Mentoring and Student Research
My teaching experience often plays a vital role in my research. Luckily for me, Cal Poly adopts the Teacher-Scholar model for faculty, emphasizing the importance of scholarship for teaching and teaching for scholarship, including, when possible, meaningful student engagement in faculty scholarship and including scholarship in one's teaching. I am actively interested in promoting these goals. Please see below for information about mentorship and collaborative student research.
Senior Project Advising
At Cal Poly, all students are required to complete a senior project to graduate. This is an expression of the university's ethos: learn by doing. For philosophy majors, learn by doing means doing philosophy! The senior project for philosophy majors typically consists of writing a substantial research paper under the supervision of a tenured or tenure-track faculty member. I am happy to supervise senior projects on a number of topics related to my areas of specialization and competence. Please see below for lists of the topics of current and past senior projects I've supervised.
Upcoming, Current, and Past Senior Project Topics:
David Lewis's Theory of Causation
Objective Theories of Beauty
Free Agency and Mental Health
Physicalism and The Causal Theory of Action
Free Will and Utilitarianism about Moral Responsibility
Free Will Skepticism
Manipulation Arguments for Incompatibilism
Critiquing Arguments for God's Existence
Dungeons and Dragons and Philosophy
Idealism in Contemporary Philosophy of Mind
Free Agency and Structural Determinism
BEACoN Research Project
The BEACoN (Believe, Educate & Empower, Advocate, Collaborate, Nurture) program at Cal Poly exists to provide exists to connect historically underrepresented and excluded undergraduate students with paid research experience. Please see below for the BEACoN Faculty Research Projects I've led.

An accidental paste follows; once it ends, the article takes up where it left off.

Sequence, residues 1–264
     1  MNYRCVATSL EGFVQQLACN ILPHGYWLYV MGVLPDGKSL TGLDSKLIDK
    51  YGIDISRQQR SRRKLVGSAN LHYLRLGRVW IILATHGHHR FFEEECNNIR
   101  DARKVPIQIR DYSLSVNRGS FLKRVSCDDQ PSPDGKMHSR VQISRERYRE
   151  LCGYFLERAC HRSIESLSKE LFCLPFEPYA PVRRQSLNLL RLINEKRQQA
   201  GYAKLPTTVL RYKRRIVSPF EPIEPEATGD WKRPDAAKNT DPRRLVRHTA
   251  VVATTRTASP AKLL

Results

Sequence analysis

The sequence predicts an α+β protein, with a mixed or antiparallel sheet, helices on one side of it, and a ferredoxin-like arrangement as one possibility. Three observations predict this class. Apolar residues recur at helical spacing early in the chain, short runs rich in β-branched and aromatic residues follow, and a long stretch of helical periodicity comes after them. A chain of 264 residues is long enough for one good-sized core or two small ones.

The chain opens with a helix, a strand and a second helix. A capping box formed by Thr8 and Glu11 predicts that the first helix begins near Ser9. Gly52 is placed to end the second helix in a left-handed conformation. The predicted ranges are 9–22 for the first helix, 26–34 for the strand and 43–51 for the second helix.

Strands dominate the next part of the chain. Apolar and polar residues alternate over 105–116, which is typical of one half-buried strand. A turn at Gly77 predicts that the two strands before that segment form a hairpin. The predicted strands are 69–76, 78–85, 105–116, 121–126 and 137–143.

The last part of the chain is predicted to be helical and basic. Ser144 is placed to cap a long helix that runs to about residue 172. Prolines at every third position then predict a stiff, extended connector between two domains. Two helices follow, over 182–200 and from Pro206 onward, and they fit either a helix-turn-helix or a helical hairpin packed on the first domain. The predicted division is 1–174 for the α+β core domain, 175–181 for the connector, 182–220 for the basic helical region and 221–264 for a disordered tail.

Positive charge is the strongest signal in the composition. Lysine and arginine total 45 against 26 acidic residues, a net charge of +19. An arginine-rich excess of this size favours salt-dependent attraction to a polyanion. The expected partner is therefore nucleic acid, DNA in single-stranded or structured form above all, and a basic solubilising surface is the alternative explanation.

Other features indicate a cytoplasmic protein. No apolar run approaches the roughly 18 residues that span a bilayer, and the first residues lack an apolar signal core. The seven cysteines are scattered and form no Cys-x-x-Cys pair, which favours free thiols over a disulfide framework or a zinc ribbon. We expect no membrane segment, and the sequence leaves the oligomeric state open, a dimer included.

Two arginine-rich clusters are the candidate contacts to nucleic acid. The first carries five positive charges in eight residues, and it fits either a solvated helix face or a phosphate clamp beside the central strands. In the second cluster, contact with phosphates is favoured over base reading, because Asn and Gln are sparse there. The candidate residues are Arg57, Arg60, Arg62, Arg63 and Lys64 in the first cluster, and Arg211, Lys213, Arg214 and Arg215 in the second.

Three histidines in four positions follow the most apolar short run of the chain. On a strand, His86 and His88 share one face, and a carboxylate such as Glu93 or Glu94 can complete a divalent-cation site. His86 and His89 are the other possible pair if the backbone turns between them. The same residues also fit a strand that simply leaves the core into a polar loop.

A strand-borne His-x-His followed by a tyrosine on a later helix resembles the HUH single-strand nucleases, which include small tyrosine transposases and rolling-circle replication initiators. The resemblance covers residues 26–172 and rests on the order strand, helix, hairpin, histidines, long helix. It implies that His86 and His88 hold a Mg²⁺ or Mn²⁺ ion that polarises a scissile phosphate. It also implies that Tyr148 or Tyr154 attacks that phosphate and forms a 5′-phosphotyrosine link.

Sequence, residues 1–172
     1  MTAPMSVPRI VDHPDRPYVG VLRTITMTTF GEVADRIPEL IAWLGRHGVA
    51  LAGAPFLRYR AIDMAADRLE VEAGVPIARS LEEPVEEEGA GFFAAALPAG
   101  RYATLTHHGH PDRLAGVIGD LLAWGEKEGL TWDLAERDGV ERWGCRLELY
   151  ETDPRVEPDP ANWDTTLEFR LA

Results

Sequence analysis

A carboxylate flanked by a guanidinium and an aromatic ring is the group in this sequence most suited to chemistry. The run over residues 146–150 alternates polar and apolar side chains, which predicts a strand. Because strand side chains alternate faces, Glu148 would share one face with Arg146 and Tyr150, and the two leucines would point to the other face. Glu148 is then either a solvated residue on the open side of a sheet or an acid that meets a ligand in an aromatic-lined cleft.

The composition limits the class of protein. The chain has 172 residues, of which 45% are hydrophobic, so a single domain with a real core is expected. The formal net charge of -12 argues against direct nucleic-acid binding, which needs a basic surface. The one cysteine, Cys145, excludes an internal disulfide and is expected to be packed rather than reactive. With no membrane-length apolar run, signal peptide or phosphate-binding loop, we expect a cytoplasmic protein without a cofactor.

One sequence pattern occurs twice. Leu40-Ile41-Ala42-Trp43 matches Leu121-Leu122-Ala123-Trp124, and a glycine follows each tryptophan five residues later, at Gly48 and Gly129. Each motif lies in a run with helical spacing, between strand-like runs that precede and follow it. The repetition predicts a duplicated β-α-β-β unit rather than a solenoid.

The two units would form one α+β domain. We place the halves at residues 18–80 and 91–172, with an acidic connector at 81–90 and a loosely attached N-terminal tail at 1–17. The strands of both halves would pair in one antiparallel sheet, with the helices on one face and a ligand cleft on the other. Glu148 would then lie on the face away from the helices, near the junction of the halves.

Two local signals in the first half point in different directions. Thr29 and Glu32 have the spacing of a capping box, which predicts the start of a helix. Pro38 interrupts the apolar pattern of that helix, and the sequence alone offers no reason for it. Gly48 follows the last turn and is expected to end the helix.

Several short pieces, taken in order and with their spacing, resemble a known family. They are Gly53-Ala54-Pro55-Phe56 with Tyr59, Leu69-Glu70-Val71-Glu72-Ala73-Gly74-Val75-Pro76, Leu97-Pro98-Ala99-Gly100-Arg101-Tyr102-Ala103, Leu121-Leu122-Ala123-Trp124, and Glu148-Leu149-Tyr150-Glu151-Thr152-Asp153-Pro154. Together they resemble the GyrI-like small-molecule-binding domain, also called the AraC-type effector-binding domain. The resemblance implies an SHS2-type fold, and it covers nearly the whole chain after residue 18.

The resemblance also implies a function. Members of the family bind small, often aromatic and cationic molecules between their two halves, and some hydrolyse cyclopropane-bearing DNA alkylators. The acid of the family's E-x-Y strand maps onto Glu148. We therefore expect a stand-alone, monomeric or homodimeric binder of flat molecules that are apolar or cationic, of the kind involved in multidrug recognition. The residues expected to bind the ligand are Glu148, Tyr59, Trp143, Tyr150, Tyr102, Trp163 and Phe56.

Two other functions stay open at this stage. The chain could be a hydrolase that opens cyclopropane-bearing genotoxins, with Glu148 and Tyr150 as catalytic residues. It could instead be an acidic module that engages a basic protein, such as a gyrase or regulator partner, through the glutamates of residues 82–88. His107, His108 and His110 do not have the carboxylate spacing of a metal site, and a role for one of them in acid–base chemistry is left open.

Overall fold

Free Will and Anger at Injustice, Winter 2021- Spring 2022
Project Abstract: Some philosophers think that no one has free will. It is not up to us what we do. Perhaps everything we do is just the product of brain mechanisms that are out of our control, or that physics says there is only one possible future, or that everything is ultimately lucky due to quantum indeterminism. Importantly, if it is not up to us what we do, it seems that our actions are not deserving of blame or punishment; no actions are worth being angry about. Why? It would be unfair to angrily blame someone who could not have avoided doing something wrong. It would be unjust to punish someone who was not in control over what they were doing. On the other hand, other philosophers have suggested that our confidence in the fact that we are morally responsible—that some people really do deserve angry blame—itself constitutes a reason to believe in free will. In this project, we will investigate the connection between free will and the aptness of anger. We will focus on work on anger that emphasizes anger at oppression by contemporary ethicists, especially those concerned with feminism and anti-racism. Can a free will skeptic accommodate concerns about anger at injustice? Are there places where pro and anti-anger thinking converge, such as in criminal justice reform or non-violent response to wrongdoing? Could an argument be made for free will from justice struggles? Let’s find out!